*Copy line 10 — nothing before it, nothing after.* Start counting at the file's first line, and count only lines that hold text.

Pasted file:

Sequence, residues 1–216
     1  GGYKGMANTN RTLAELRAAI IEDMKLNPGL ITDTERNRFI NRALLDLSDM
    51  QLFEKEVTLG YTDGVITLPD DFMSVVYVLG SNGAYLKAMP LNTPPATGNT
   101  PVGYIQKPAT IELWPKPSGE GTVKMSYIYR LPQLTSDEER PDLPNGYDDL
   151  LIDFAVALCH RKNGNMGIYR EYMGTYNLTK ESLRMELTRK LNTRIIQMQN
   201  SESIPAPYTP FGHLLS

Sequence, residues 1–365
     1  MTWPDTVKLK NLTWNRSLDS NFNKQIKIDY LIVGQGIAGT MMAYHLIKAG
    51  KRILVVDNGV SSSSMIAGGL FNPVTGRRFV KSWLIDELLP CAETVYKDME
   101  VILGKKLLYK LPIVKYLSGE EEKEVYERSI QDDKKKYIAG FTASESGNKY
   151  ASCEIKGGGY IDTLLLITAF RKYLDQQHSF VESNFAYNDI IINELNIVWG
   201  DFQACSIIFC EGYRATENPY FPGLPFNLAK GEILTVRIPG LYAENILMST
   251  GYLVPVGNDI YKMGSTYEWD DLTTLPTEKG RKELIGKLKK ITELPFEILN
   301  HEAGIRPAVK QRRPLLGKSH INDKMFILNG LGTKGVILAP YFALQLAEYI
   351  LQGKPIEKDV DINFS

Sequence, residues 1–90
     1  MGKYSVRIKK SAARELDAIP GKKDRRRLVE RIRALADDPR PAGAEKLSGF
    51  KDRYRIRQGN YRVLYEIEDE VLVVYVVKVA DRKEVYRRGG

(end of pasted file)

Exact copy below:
   101  VILGKKLLYK LPIVKYLSGE EEKEVYERSI QDDKKKYIAG FTASESGNKY